Fish oil pills may aid pupils with learning difficulties

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Food supplements might produce radical improvements in the educational ability of children with learning difficulties, research shows.

Children whose lives are blighted by such neuro-developmental disorders as dyslexia, dyspraxia, hyper-activity or autism could gain by taking a daily supplement of fish and plant extracts, the researchers suggests.

Preliminary results from their six-month investigation into the benefits of supplements found that taking a combination of fish oil, evening primrose oil and vitamin A could have a startling effect on children's concentration and learning.

Analysis at the halfway stage of the study shows remarkable advances among children taking the supplements, while those on a placebo have not shown any improvement.

One child's reading skills improved by the equivalent of four years after only 12 weeks of taking the supplements, the study found. Other children appeared brighter, more outgoing and found concentration easier.

Andrew Westerman, headteacher at the 480-pupil Timothy Hackworth Primary School in Shildon, Co Durham, which is taking part in the study, said: "Some children have become more outgoing and lively as new connections are being made in their brain. It is like lights being switched on." He said he hoped the supplements would help his pupils "achieve their very best".

A total of 120 pupils aged between six and 11 at 13 primary schools in the county have joined the six-month trial, run by a research team led by Dr Madelaine Portwood. She is a senior educational psychologist at Durham County Council's education authority. The project has also shown substantial improvements in the social skills of some children.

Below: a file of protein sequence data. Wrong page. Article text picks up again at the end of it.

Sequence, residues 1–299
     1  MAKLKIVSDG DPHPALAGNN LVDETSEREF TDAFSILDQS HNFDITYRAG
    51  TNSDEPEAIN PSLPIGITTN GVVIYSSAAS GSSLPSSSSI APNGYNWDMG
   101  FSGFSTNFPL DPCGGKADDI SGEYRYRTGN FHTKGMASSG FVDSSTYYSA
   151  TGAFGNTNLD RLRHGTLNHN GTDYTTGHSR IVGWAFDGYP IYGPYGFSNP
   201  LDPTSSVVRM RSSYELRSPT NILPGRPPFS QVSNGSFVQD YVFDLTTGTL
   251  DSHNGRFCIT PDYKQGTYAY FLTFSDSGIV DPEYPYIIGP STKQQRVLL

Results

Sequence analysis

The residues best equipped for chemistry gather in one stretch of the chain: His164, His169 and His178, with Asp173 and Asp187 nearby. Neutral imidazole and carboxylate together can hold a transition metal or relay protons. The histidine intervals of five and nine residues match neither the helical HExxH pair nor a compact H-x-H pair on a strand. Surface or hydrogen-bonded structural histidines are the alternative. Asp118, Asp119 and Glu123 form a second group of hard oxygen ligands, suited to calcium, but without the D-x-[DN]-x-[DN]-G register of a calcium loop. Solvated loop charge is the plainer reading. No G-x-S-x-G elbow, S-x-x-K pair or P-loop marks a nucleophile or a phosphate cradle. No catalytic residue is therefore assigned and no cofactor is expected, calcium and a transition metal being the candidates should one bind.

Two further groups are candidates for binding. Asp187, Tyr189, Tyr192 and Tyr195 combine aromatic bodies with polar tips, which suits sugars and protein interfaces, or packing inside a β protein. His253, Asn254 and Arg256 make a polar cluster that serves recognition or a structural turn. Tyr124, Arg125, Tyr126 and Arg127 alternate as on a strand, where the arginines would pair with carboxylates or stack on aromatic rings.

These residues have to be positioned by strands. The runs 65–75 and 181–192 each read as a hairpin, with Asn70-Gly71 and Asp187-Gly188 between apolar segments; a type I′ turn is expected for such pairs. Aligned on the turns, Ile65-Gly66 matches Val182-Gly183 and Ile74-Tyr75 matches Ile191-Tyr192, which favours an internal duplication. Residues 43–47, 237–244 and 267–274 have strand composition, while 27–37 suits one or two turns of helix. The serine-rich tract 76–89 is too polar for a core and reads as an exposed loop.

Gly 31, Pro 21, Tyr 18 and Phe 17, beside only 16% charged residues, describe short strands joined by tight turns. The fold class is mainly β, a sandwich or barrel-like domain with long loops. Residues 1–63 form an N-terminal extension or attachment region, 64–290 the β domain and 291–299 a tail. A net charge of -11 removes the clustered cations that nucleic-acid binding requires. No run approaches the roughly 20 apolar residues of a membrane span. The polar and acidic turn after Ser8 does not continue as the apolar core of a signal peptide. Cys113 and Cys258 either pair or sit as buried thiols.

Half of the pupils are being given daily supplements, the other half receiving a placebo. No child knows which substance he or she is taking.

Dr Portwood is interested in the theory that the recent rise in learning difficulties is caused by changes in children's diet.

She said: "Why are there so many more children with developmental problems? The most significant change in the last 20 years has been the diet of children, and that is why we are exploring the use of food supplements. This really is a major landmark study which could make a real difference."

Dr Portwood added: "The children's social skills seem to be improving because they are more confident. They are becoming more socially interactive and perhaps this increases the motivation to learn."

The researchers believe their study could lead to new treatments for dyslexia and other learning disorders. The project is based on the theory that learning difficulties may be caused by children's meta-bolisms, which leave them short of essential fatty acids. The study may be widened to children without learning difficulties and to adults if the study's success continues.

Two years ago, a research project in Oxford showed that children displayed impressive improvements in concentration and behaviour after being given supplements containing evening primrose oil and fish oils.

Dr Portwood and her 10-year-old son are taking the food supplements. She said she had noticed a marked improvement in him since he started taking the capsules.

"I wouldn't give them to him if I did not feel they did him any benefit," she added.